Even Technomadia, the undisputed mobile connectivity leaders, talk very little about this topic in either their subscriber or non-subscriber content spaces. They can recommend what equipment to mount ON a mast for a given scenario, but have less to say about how to choose the physical extension device (mast, pole, whatever) itself beyond the typical market offerings that generally include integrated antennae. But especially for long-range cellular connectivity using directional equipment, size matters. Height can make or break the result.

I'm curious about what kind of radio activity you engage in while on the road. The nearest neighbor to our Canada property is a radio operator, in part because it's an off-grid location with no cell service, so his radio is his only means of communicating with any part of the outside world. But I think he mostly uses it as a time-waster, messing around and chatting with random people here or there. The way he describes it, it sounds like a hobby with declining numbers, as people turn to other high-tech amusements.
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Old 12-01-2017, 06:32 AM   #16
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Thanks for the detail. The general subject of any kind of antennae on a Class B is very rare, ...

I'm curious about what kind of radio activity you engage in while on the road.
The answer is none. If I am driving I don't even like to take a cell call using a bluetooth setup, but will if I am in familair open road way with no traffic. As to the amateur radio, I would only do that when parked. For HF (1.8MHz to 30 MHz) I would have to raise the antenna. If I had mounted it on the front (likely on a bull bar) then I could operate it whilst driving but with a roof mount that would not be possible.

Yes, amateur radio is fading (but so are all of us ) but it something that I have fun with and being to operate it from remote locations will be a joy in my AI.
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Old 12-01-2017, 07:13 AM   #17
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Perhaps I should have said “while traveling”. “On the road” to me means the entire process. I was on the road for almost a continuous month earlier this year, but I probably only spent 100 hours of that driving.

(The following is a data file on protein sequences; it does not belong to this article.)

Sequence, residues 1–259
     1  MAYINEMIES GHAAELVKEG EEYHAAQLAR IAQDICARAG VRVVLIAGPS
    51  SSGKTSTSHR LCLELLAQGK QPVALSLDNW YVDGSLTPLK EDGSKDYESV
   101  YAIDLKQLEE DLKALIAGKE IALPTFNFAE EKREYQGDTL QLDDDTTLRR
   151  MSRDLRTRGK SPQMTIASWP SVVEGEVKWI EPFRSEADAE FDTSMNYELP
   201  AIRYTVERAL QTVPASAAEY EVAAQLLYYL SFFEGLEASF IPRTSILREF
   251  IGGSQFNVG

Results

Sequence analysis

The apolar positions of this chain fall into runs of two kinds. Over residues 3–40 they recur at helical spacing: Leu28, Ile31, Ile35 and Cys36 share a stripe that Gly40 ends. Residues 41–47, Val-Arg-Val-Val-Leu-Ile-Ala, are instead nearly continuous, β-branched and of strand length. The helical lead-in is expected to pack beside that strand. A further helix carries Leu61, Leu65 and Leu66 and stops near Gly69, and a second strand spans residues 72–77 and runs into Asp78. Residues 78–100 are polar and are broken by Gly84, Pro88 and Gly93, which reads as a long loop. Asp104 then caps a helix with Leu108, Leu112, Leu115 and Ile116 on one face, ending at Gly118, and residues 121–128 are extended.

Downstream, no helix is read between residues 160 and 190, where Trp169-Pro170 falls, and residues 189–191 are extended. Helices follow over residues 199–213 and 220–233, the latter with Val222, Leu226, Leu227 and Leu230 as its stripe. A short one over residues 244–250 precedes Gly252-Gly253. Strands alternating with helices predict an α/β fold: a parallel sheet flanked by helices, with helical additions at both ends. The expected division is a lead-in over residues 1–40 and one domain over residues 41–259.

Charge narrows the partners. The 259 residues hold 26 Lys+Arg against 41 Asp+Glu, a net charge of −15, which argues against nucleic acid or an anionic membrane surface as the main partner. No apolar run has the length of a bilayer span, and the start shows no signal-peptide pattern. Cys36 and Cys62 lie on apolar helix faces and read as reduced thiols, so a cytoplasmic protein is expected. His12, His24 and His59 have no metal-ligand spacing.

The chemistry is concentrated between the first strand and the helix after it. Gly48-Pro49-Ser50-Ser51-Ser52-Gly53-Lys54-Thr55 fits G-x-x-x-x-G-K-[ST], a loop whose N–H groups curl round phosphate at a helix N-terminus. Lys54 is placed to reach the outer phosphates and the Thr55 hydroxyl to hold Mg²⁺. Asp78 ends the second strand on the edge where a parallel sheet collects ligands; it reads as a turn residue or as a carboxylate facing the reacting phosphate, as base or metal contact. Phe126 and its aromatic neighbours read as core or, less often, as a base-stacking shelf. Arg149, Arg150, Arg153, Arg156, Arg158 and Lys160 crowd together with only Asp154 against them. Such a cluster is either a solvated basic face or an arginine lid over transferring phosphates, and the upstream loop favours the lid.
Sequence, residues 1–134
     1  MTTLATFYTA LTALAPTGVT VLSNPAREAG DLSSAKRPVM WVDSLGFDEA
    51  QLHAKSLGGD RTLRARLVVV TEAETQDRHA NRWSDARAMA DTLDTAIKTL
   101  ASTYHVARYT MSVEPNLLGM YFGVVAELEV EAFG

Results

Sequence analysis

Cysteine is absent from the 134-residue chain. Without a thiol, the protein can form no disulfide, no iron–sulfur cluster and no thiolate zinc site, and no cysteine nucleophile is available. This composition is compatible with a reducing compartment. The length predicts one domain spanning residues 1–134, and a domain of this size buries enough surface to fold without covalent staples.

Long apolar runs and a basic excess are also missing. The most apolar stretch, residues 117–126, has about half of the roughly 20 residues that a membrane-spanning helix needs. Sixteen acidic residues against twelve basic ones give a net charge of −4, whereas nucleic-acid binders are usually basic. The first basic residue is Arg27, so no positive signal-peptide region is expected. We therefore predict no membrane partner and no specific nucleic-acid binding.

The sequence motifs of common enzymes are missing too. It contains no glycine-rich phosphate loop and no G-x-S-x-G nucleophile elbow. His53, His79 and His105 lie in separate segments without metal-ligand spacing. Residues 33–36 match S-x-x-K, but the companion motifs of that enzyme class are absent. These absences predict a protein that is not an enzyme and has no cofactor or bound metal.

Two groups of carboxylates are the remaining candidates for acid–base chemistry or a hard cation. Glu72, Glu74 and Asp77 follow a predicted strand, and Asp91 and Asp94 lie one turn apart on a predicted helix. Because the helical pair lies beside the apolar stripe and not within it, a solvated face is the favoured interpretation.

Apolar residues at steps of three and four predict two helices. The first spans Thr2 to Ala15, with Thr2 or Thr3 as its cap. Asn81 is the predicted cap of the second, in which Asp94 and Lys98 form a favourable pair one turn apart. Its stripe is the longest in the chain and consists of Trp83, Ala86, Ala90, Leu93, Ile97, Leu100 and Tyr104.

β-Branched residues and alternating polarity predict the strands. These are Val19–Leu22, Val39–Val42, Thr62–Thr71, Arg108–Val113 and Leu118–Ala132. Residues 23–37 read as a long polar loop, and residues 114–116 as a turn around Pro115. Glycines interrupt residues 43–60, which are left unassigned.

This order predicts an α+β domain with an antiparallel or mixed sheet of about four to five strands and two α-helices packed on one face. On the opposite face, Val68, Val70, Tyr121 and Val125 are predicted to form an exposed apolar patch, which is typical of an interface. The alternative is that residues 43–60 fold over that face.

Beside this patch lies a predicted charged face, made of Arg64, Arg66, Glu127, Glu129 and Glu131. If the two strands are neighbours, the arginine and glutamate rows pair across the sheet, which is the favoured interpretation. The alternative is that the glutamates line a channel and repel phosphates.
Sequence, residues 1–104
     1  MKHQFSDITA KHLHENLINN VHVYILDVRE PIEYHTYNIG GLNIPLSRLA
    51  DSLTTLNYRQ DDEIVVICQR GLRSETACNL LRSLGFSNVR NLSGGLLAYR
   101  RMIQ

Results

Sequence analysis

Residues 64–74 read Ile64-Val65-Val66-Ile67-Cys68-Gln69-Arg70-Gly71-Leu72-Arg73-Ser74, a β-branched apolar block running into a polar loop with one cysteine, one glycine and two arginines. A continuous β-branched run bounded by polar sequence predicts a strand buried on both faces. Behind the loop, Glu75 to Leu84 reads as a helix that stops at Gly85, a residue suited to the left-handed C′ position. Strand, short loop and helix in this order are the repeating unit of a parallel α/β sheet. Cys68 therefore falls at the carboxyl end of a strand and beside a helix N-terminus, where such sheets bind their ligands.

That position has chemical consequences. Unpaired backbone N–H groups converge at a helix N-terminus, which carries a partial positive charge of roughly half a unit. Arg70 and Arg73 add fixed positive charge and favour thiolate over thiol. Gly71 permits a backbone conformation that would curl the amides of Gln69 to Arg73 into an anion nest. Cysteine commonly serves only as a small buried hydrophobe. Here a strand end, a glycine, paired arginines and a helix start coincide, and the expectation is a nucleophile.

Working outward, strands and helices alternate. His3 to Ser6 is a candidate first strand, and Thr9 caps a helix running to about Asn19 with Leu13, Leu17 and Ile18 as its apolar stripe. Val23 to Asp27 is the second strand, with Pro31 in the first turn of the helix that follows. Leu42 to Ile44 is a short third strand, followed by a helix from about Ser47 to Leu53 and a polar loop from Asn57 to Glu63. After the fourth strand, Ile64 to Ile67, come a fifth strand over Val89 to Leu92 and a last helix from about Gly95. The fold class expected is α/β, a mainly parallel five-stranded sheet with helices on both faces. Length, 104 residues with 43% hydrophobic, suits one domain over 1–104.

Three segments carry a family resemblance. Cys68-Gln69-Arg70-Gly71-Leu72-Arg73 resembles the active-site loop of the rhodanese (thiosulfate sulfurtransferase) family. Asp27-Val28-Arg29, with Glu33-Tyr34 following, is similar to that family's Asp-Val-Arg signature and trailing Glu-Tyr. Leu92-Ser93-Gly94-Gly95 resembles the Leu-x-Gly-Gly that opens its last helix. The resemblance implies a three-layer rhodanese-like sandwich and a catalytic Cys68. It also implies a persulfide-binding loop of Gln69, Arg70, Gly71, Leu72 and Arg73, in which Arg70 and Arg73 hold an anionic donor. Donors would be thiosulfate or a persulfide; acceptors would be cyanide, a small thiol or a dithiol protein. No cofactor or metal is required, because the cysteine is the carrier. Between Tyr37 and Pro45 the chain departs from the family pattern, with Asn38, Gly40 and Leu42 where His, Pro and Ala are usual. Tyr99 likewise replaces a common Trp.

I’ve watched my Canadian neighbor fiddle-farting around with his radio, saying “hi” to people. I’m wondering what else is achievable in that space. Are there chat room-like functions? Independent news sources? Special interest pursuits? Geographic connections? I’m not sure what kind of content is exchanged in that medium at this time, given the enormous growth of other options (internet-based).
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Old 12-01-2017, 08:05 AM   #18
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I’ve watched my Canadian neighbor fiddle-farting around with his radio, saying “hi” to people. I’m wondering what else is achievable in that space. Are there chat room-like functions? Independent news sources? Special interest pursuits? Geographic connections? I’m not sure what kind of content is exchanged in that medium at this time, given the enormous growth of other options (internet-based).
If what you saw from your Candian neighbor was "fiddle-farting around with his radio" then ham radio is not for you. You will be much happier with the internet. There is a large technical aspect of ham radio which I enjoy. It goes well beyond the exchange of infomation using that medium. Whilst there are many of the elements of communication you reference, it can be challenging (a large part of the fun for me) to access them.

Everyday access to the interent becomes easier and more broadly available. If you find yoursel in a truly remote off the grid places there are some satellite phones that will give you that access and will be less than the cost and learning curve of ham radio. Thankfully, the days of a copper pair of wires to 300 baud accoustic coupler are long gone.
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Old 12-01-2017, 12:39 PM   #19
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Since we are discussing Ham Radio... did anyone see the recent episode of NCIS where Ham Radio played a major role in the story?
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Old 12-01-2017, 12:43 PM   #20
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I did and my wife has been calling me Rick O'Shea ever since.